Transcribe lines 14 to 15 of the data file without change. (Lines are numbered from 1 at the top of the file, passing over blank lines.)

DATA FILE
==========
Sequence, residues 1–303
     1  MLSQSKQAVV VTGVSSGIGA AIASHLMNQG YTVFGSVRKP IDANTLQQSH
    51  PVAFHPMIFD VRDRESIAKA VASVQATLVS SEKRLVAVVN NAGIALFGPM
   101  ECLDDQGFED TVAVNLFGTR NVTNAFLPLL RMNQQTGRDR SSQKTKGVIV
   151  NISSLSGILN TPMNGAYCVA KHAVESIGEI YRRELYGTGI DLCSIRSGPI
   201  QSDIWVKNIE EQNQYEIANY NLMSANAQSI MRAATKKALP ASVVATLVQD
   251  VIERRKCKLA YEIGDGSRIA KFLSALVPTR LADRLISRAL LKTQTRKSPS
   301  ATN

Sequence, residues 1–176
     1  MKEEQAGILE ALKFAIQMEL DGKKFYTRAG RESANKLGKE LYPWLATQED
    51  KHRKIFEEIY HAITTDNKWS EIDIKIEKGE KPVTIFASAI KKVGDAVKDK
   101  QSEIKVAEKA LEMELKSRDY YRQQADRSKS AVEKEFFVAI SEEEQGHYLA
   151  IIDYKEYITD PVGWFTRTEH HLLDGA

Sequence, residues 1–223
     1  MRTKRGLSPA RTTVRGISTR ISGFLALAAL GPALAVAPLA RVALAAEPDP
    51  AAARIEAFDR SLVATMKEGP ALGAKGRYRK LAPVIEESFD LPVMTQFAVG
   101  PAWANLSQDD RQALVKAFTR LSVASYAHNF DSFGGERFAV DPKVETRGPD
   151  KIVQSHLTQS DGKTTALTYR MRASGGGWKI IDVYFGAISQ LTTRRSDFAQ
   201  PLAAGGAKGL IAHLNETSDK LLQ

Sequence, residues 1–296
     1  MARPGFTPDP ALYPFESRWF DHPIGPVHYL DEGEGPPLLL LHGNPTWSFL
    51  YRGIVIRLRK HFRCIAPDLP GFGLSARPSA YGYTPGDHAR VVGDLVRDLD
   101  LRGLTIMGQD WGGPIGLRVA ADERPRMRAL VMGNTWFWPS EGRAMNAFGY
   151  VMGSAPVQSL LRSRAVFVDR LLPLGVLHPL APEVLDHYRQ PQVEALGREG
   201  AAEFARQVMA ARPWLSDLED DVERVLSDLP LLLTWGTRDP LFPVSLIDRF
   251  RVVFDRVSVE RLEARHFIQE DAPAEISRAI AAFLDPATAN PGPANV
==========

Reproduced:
Sequence, residues 1–223
     1  MRTKRGLSPA RTTVRGISTR ISGFLALAAL GPALAVAPLA RVALAAEPDP